Are you feeling like you really need some great experience on your resume, but don’t know how you can get that without, well—some great experience on your resume?
Or are you just wishing that you could do what you’re really passionate about without having to give up the security of a 9-to-5 job?
Good news! There’s a solution for you, and it doesn’t involve any Breaking Bad badness or incredible luck in the next Powerball.
I’m talking about freelancing. And, in particular, freelance side projects.
I know I may look like I’m going against the trend of showing your finger to your boss and going solo by starting your own thing.Because I do.
Since everyone around me is evangelizing the benefits of being your own boss and owning your schedule, far from the limits and confinements of a 9–5 job, I’m here to challenge you with a question:
Is it that *bad* to have a 9–5 job or is it that *good* to be a freelancer?
I think that too many people are hyped about the independence concept around freelancing and forget that independence comes with a price. Most people who write inspirational content on freelancing have somehow made it, but what about all those who tried it, only to have to go back because they failed miserably?
I’m not here to advise against taking risks for those who afford it, but instead, I want to validate all the others like me who don’t feel like taking this step. For you especially, this blog post will explain why employment is not yet overrated and how you can still be entrepreneurial even if you don’t feel like stepping outside your comfort zone.
Going solo by freelancing or creating a start-up is perfect, but if it’s not for you, you shouldn’t feel bad about it.
There’s a perceived pressure amongst people in my generation to accumulate wealth and reach financial freedom by diversifying, investing, having several income streams, creating start-ups, etc. — all by the time they’re 40. Everyone seems to dream of retiring and never working another day which makes my eyes roll.
Really? And then what?
I don’t know about the rest of you, but I’m not dreading work. On the contrary, work or my professional life is an important aspect of my identity, which I have invested in to see it constantly evolve over the past decades.
And, I like having an employer. I like knowing that I can do “my thing” while they figure out taxes, pension, health, a safe environment, and overall, provide me the resources to do my thing without worrying about all these other things. In fact, it would be a nightmare for me to have to take care of the logistics of making money while staying legal (filling forms and paying taxes).
But still, I feel bad sometimes about my decision to stay employed, and that’s always when someone else brags about how cool they are because the sky is the limit in terms of how much money they can make. I admit I have days when I tell myself that I could probably make a fortune from writing if I had the time. Soon after, I take a good look at myself in the mirror and wake up.
And, anyway, my life as an employee is not that bad. But, I mean, it could be better, with only one small adjustment I’ll reveal soon.
“80% of job satisfaction is your boss.”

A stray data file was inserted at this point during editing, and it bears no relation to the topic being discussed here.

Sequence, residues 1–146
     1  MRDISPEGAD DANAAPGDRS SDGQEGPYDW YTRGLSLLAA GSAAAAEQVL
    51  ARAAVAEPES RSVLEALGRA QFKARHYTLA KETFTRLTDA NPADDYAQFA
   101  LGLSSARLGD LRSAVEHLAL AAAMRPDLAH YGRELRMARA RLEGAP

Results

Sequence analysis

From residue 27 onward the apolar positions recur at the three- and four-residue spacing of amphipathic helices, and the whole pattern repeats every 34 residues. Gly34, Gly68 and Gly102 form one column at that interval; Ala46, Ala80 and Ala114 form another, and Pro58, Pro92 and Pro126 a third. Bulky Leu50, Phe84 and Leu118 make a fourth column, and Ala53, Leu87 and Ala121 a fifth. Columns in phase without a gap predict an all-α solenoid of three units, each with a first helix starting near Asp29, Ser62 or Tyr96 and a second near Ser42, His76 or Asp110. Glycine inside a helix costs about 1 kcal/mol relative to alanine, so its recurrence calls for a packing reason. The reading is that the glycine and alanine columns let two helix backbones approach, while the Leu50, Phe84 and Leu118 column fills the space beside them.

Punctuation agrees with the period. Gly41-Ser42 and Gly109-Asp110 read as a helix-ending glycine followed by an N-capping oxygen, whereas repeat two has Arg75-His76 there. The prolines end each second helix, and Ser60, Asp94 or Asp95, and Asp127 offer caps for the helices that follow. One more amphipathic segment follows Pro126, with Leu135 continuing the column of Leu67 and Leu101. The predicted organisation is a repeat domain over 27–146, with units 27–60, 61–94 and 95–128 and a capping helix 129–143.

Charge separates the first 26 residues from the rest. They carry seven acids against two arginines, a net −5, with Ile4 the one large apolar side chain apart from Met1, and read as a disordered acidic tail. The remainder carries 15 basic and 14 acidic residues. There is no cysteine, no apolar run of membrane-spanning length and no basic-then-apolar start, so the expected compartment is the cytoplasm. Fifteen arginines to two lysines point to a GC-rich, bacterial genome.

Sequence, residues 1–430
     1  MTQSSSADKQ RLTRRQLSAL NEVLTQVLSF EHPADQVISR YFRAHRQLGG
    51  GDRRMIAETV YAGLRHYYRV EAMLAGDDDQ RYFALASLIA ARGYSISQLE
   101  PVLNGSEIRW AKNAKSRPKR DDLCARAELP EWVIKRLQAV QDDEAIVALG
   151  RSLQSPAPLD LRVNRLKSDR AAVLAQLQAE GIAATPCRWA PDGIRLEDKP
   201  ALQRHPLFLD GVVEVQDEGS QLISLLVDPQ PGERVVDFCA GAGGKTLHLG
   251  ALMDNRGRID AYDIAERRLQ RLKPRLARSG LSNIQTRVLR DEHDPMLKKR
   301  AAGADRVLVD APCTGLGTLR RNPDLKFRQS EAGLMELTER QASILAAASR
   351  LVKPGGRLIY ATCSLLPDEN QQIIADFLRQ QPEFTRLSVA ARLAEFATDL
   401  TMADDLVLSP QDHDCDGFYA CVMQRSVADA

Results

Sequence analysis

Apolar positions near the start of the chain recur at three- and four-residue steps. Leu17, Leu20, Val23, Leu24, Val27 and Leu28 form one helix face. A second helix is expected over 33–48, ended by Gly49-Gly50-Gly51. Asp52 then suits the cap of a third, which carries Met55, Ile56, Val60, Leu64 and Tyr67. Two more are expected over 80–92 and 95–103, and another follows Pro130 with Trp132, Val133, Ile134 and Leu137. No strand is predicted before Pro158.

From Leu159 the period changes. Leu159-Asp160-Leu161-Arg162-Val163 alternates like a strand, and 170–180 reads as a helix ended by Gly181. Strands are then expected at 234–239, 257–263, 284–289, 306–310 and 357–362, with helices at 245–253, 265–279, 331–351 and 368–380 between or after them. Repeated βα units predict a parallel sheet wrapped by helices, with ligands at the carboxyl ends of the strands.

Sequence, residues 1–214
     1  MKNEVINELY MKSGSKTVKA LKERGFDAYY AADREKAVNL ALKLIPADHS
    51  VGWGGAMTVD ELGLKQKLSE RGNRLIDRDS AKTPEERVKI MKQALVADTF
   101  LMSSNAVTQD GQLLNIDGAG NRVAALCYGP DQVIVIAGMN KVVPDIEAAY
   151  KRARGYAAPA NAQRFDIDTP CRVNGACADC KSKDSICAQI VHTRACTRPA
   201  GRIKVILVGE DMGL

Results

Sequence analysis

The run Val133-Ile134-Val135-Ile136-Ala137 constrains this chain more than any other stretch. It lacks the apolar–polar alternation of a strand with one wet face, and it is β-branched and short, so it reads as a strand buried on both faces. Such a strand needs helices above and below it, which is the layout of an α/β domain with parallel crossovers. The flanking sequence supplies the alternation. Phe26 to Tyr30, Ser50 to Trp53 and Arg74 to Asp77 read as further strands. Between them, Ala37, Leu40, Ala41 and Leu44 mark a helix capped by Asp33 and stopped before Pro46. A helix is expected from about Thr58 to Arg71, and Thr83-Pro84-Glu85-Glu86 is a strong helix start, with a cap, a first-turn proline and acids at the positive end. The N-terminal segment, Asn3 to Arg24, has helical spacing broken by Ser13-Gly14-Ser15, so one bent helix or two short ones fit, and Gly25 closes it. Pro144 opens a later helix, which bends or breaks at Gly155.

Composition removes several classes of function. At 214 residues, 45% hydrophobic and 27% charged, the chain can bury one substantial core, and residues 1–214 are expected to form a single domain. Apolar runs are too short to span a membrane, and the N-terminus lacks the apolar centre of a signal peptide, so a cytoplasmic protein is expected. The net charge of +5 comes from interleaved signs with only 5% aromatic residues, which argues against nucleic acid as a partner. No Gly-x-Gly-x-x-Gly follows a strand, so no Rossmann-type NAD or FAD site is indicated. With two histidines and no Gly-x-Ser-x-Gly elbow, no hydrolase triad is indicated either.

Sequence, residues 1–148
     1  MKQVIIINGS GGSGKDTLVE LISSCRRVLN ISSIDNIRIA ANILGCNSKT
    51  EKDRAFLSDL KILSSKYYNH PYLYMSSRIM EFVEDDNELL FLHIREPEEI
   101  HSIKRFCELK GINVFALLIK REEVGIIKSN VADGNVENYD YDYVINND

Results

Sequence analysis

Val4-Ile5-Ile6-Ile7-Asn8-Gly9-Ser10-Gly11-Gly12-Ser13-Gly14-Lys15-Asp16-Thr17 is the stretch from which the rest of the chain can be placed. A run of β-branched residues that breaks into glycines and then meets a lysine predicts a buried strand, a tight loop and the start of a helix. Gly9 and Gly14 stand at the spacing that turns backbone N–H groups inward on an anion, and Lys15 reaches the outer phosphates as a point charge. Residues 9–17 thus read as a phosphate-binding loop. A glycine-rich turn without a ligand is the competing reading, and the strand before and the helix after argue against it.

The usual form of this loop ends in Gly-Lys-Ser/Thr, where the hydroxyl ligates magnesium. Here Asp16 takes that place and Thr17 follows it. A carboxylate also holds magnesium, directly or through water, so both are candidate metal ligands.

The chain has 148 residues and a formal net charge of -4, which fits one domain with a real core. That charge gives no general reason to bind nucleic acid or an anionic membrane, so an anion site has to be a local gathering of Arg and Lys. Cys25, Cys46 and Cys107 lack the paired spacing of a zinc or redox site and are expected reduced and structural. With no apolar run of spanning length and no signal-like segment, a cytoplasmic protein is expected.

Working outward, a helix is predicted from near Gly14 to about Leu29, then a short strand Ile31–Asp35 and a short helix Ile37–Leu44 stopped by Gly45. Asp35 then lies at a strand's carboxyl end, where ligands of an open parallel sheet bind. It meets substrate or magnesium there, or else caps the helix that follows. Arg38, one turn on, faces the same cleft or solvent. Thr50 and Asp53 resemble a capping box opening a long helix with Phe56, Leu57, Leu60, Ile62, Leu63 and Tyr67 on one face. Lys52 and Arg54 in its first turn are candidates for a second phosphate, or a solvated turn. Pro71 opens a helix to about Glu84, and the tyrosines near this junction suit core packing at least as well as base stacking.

Important piece of wisdom during a critical career moment . Having a great boss that a promotion could not have topped the benefit of working for such a human being.
As a leader, this person acted as a buffer between the team and higher-up management. He kept us away from the stress of the organizational changes as much as he could. So, while he changed various managers, I had the privilege of stability from a nurturing leader who infused me with self-confidence by empowering me to make important decisions for our group. He was the gardener who tended and watered his plants which rewarded him back with flowers and fruits.
The dynamic was so great that it made me happy to work and deliver results for such human beings.
But I guess that some of you that make the tough and life-altering decision to leave employment behind for freelancing or for establishing a start-up have a different kind of story behind it — perhaps a sad one where the boss was a jerk who didn’t give a damn about you, as people. But then again, I might be just plain wrong with my assumption, and people who had excellent work conditions and high-paying jobs left them for the uncertainty of “making it big” by themselves.
(Of course, I’m being slightly sarcastic here, so please don’t mind me).
You can find high-paying jobs and reach financial freedom as an employee.
If that’s what you’re after — financial freedom, then I’m here to attest that you don’t need to step outside your comfort zone for it if that’s not your nature. Instead, you can invest your effort in building the skills that get you a high-paying job. Then what you need to do is save the money you would otherwise spend for meaningless shit, and eventually, when you are comfortable losing some of it, start investing.Also, it helps a great deal to be out of debt.
To wrap up, I promised initially that I’ll reveal what small adjustment I’d make to make my employee life even better, and this is, as you probably intuitively know by now, the four-day workweek.
The four-day workweek is the latest workplace buzz for people like us, who are risk-averse yet still want to diversify their activity and not rely entirely on their side-hustle.
The four-day workweek advantage for those who don’t want to leave their employment life behind is that they get a full day to invest in their side-hustle while not neglecting their personal life.
So I am asking you, with a good boss around, a high-paying job, the possibility to invest your disposable money, and the four-day workweek, would you still trade your employment for freelancing?